By: Juan P. Alvez | Pasture Technical Coordinator at the UVM Center for Sustainable Agriculture
Early this year, my work in sustainable agriculture brought me to the State of Santa Catarina (Southern Brazil), as a co-instructor of “Agroecology, Ecosystem Services and Farmer’s Livelihoods”. There, I joined about twenty people, visiting farms located at the Atlantic Forest, on a 9-day applied field course and workshop. The event was hosted by Universities of Vermont and Universidade Federal de Santa Catarina.
Santa Catarina and Vermont share many similarities, including topography, size and identity with rural living and family farms. On the other hand, Santa Catarina State has subtropical humid climate and the level of deforestation reaches over 88%. Also, the Atlantic forest is considered a biodiversity hotspot, harboring more species per hectare than NE U.S.
While formerly, most farmers planted tobacco, eucalyptus and other high input crops, currently they still face the challenges of farming in very steep terrains and providing for their families. Soil erosion, nutrient runoff and water quality were a rampant problem.
However, the main challenge is to meet the requirements set by the Brazilian Forest Act. Currently most of these farmers and specially the smallest ones, are occupying areas of permanent preservation such as hilltops, riparian areas and water sources thus, clearly infringing environmental laws.
This workshop aimed to contribute to a long-term search for creative solutions that can help promote conservation, restore the Atlantic Forest, preserving its rich biodiversity and sustaining rural livelihoods through agroecological practices.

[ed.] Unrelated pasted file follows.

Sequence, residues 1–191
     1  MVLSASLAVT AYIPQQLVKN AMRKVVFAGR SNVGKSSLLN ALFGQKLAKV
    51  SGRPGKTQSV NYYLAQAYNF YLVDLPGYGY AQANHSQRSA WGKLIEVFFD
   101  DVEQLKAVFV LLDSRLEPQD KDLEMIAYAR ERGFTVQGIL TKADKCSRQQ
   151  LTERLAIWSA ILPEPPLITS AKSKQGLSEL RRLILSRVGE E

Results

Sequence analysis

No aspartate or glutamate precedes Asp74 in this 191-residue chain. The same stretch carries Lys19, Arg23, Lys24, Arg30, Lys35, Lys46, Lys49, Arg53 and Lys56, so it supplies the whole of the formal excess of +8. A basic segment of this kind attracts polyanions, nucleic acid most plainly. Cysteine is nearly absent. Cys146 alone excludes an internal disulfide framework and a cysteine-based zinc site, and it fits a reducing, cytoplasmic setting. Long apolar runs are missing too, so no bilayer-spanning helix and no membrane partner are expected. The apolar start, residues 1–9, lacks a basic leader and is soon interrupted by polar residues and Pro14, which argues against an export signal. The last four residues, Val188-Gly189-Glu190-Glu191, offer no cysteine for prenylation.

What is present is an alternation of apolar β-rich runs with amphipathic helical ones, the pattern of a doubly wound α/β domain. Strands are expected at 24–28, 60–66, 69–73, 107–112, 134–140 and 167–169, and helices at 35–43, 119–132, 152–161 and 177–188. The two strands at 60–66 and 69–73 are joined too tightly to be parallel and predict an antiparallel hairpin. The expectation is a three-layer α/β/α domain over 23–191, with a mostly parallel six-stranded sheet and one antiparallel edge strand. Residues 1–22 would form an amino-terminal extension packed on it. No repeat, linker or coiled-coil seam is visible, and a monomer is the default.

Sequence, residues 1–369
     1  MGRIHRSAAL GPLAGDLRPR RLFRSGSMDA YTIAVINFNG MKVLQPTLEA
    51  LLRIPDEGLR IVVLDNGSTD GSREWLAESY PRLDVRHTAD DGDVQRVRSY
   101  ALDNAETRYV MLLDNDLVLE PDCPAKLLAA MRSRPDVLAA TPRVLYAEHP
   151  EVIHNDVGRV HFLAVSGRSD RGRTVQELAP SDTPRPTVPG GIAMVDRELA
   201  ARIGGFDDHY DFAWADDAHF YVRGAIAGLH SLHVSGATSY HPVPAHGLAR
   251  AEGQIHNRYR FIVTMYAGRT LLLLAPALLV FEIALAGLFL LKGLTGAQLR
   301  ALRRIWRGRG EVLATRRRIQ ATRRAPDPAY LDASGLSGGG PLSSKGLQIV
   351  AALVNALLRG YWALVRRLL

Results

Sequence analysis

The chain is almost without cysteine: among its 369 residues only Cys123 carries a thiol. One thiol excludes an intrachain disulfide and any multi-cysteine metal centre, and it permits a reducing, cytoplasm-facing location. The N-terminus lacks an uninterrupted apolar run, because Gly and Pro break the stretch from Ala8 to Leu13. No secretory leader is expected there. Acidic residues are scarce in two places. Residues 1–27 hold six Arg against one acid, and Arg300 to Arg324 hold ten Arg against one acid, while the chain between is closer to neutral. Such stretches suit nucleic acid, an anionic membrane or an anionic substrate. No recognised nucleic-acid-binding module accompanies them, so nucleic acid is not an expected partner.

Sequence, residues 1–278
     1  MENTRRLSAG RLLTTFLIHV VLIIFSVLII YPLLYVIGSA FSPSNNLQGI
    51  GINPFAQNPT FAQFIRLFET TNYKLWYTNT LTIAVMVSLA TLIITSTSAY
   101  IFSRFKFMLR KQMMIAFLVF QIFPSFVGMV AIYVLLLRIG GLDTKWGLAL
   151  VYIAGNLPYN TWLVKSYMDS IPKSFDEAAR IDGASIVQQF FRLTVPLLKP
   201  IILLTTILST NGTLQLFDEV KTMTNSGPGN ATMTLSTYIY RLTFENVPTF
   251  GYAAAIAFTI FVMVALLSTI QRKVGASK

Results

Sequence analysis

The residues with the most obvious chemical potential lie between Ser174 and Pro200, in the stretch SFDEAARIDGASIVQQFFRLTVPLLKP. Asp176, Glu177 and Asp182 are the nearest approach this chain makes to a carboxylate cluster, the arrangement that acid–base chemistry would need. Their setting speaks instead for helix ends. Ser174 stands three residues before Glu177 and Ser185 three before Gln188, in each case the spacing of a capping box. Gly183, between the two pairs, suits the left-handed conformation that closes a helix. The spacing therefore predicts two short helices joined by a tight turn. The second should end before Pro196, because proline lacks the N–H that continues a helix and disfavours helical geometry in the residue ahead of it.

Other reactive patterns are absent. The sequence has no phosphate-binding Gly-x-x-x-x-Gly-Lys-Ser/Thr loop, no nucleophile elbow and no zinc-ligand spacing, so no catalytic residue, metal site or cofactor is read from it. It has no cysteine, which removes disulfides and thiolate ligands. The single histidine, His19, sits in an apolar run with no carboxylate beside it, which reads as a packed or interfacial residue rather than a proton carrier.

We visited the town of Santa Rosa De Lima, –also known as the “agro-ecology capital of Brazil”-, to study silvopastoral systems with high-levels of native biodiversity. The focus was on how different agroecological practices can support conservation efforts in Santa Catarina. Specifically, we wanted to investigate how combining new forest patches with management-intensive grazing (MIG) can be one of the approaches to address deforestation, improving dairy production and keeping families in their farms.
Previously, it has been found that farmers who switched to MIG observed improvements in environmental and production variables with increases in pasture productivity, with 55% reporting a slight increase in pasture area without deforesting new areas. A larger herd size was achieved in 63% of the farms surveyed. Daily total milk production and productivity per animal increased by 80% and 73%, respectively.
Improvements in soil cover, soil quality, and soil moisture were reported in 87%, 95%, and 80% of surveyed farms. Producers also perceived a stabilization and reduction of erosion gullies; electric fencing restricted animal access to rivers, which decreased in 59% of farms, while riparian buffers increased in 22% of the properties. Thus, perceived water quality improved for 29% of interviewees.
Ticks diminished in 73% of the farms, mastitis in 80%, intestinal worms in 67%. Pesticide use dropped in 60% of farms and TMR fed to animals decreased in 49% of the farms.
Manure accumulation in the milk parlor dropped in 53%, and workload fell from 8 to 4 hours per day in 66% of the farms respectively. Consequently, 67% of the farms reported better quality of life. Lastly, economic return was optimal or within expectations for 67% of farmers and production costs fell according to 34% of interviewees.
This long-term collaboration has ties to Vermont, with inspirations that can be tracked two decades ago, influenced by Bill Murphy (Professor Emeritus of UVM, PSS). The on-going collaboration includes three University of Vermont institutions, the Gund Institute for Ecological Economics, the Center for Sustainable Agriculture, the Department of Community Development and Applied Economics, and students and researchers from two Brazilian Universities (Universidade Federal de Santa Catarina and Universidade de Sao Paulo).